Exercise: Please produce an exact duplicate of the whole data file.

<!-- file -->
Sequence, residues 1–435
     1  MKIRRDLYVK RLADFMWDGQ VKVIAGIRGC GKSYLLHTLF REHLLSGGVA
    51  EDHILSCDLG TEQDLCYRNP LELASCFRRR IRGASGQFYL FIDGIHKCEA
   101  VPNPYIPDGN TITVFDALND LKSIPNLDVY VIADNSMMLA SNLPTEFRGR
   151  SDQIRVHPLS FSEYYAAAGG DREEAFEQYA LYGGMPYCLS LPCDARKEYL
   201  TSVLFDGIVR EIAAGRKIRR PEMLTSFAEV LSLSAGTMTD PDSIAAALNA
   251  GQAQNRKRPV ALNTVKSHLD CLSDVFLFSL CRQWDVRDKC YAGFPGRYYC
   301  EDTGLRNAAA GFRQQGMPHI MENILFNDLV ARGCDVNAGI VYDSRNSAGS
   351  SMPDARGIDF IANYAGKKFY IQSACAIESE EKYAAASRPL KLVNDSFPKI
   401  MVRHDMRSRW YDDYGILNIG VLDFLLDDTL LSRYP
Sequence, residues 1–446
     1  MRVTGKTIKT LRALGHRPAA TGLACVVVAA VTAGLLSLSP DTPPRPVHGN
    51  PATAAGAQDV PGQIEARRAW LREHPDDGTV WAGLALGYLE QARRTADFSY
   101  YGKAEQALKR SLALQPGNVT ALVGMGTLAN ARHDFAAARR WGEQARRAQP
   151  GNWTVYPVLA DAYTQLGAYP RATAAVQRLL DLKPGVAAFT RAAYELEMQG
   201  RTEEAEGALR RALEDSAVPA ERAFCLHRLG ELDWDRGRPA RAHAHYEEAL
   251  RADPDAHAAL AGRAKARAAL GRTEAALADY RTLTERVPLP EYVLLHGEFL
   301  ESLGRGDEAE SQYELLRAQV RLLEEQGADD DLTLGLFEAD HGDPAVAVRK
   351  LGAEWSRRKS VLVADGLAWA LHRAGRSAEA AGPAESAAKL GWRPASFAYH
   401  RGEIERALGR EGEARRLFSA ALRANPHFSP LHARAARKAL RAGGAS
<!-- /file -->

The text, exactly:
Sequence, residues 1–435
     1  MKIRRDLYVK RLADFMWDGQ VKVIAGIRGC GKSYLLHTLF REHLLSGGVA
    51  EDHILSCDLG TEQDLCYRNP LELASCFRRR IRGASGQFYL FIDGIHKCEA
   101  VPNPYIPDGN TITVFDALND LKSIPNLDVY VIADNSMMLA SNLPTEFRGR
   151  SDQIRVHPLS FSEYYAAAGG DREEAFEQYA LYGGMPYCLS LPCDARKEYL
   201  TSVLFDGIVR EIAAGRKIRR PEMLTSFAEV LSLSAGTMTD PDSIAAALNA
   251  GQAQNRKRPV ALNTVKSHLD CLSDVFLFSL CRQWDVRDKC YAGFPGRYYC
   301  EDTGLRNAAA GFRQQGMPHI MENILFNDLV ARGCDVNAGI VYDSRNSAGS
   351  SMPDARGIDF IANYAGKKFY IQSACAIESE EKYAAASRPL KLVNDSFPKI
   401  MVRHDMRSRW YDDYGILNIG VLDFLLDDTL LSRYP
Sequence, residues 1–446
     1  MRVTGKTIKT LRALGHRPAA TGLACVVVAA VTAGLLSLSP DTPPRPVHGN
    51  PATAAGAQDV PGQIEARRAW LREHPDDGTV WAGLALGYLE QARRTADFSY
   101  YGKAEQALKR SLALQPGNVT ALVGMGTLAN ARHDFAAARR WGEQARRAQP
   151  GNWTVYPVLA DAYTQLGAYP RATAAVQRLL DLKPGVAAFT RAAYELEMQG
   201  RTEEAEGALR RALEDSAVPA ERAFCLHRLG ELDWDRGRPA RAHAHYEEAL
   251  RADPDAHAAL AGRAKARAAL GRTEAALADY RTLTERVPLP EYVLLHGEFL
   301  ESLGRGDEAE SQYELLRAQV RLLEEQGADD DLTLGLFEAD HGDPAVAVRK
   351  LGAEWSRRKS VLVADGLAWA LHRAGRSAEA AGPAESAAKL GWRPASFAYH
   401  RGEIERALGR EGEARRLFSA ALRANPHFSP LHARAARKAL RAGGAS